10 Years in Manchester: Jane Bateman Calendar

9 Mar 2023

As the National Football Museum celebrates 10 years in Manchester, we are telling the stories of people who have been instrumental in the museum’s success.

The latest subject of our ‘My NFM Story’ features is Jane Bateman, Head of International Relations at the FA and Deputy Chair of Trustees at the museum.

Jane Bateman landscape

When you first visited the National Football Museum, what were your first impressions?

Indelibly imprinted in my mind is turning the corner to see George Best’s mini. Such a modest car by today’s standards, but how proud he was of it.

Why do you think it is important for the country to have a national museum about football?

England is the birthplace of the modern game and football is our national sport, which is why it is so important for our country to celebrate our football roots and the journey the game has taken from its early beginnings into the 21st century. As the national museum, we can gather artefacts, film clips and other memorabilia from across England (and beyond) and give football fans the opportunity to learn about the past as well as relive, create and share memories through our collections, bespoke exhibitions and community events.

How does the National Football Museum contribute to Manchester’s arts and cultural offer?

The city of Manchester is hugely diverse in terms of art and culture, and has always seemed to me to be a city that prides itself on its ambition, originality, creativity and variety. That football can be part of such a rich cultural landscape, within a museum dedicated to the game, reflects this dynamism which Manchester projects. The National Football Museum feels and is very much at home there.

What does football mean to you?

I have loved football as a fan from a young age, and have been fortunate to enjoy a long career in the game. Working in football has made me very much aware of its incredible value not just as a sport, but as a means to bring people of all ages, genders, race and nationalities together, be they players, fans, parents, administrators or officials. It promotes team-building, friendships, breaking barriers, social inclusion, health, hope and even peace. To me, it is very much more than ‘just a game’.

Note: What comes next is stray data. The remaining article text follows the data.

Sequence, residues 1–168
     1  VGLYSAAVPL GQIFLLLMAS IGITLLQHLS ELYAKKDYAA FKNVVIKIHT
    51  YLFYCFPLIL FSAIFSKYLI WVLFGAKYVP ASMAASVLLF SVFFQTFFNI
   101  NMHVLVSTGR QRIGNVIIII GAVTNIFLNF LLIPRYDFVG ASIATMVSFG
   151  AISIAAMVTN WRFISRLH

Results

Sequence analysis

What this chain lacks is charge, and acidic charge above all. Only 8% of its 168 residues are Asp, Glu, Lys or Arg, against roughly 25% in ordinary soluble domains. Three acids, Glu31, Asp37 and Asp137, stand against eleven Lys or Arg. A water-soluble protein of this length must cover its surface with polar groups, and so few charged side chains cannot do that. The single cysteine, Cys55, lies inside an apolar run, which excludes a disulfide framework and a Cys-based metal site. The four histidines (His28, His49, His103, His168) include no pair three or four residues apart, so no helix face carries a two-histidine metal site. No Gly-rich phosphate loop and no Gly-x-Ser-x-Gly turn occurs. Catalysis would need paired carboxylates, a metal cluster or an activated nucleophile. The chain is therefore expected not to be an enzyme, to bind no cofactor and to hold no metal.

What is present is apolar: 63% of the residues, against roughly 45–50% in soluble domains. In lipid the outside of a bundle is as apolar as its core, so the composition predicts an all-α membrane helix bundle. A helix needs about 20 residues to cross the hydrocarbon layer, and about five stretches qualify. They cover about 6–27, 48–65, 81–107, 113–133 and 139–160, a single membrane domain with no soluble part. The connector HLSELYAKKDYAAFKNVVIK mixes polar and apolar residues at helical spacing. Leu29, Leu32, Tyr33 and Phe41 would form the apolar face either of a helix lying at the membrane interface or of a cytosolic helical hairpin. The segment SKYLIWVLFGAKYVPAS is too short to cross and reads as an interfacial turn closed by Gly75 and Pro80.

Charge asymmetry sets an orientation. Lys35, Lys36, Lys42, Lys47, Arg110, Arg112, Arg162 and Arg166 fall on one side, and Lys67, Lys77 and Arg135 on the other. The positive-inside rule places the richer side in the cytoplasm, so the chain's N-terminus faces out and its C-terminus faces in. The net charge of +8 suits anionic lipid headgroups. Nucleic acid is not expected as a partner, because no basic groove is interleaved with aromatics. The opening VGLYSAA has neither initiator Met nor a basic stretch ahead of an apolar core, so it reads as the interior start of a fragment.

From Moss Side to Marseille tour

What has been your favourite exhibition at the National Football Museum?

The current one, from Moss Side to Marseille, is my favourite. Michael Browne’s paintings are remarkable, bordering on the unbelievable. They are so rich in terms of content, colour and detail, telling intriguing and diverse stories of the relationship between sport and society.

With the direction of Manchester legend Eric Cantona, and the inspiration of the best of Italian renaissance painters, these vast canvases are iconic themselves. It is a privilege for the National Football Museum to be the first to display them before they start their global journey.

1863 fa minute book

What’s your favourite item on display within the museum?

Without doubt the original FA Minute Book from 1863. It’s incredible that this book, with the first ever rules of football handwritten inside, marks the absolute beginning of the game we know today. It brings to mind an image of the group of men who came to form The Football Association sitting down in the Freemason’s Arms in London, removing their top hats, and writing out with a fountain pen the 13 rules which defined the early version of the game millions play and watch today.

To historians, this book is on a par with other landmark, surviving books and manuscripts such as the Magna Carta, Shakespeare’s First Folio and Captain Scott’s diary. That’s how valuable and significant it is.

What are your ambitions for the museum? Where would you like it to be in another 10 years’ time?

The museum has grown hugely in terms of direction and ambition since its rebirth in Manchester a decade ago. It has emerged from the pandemic with a discernible new energy, creativity and positivity, and I see this driving forward the collections and exhibitions to new levels, attracting new and diverse audiences, and extending the museum’s reputation internationally through partnerships and shared experiences.

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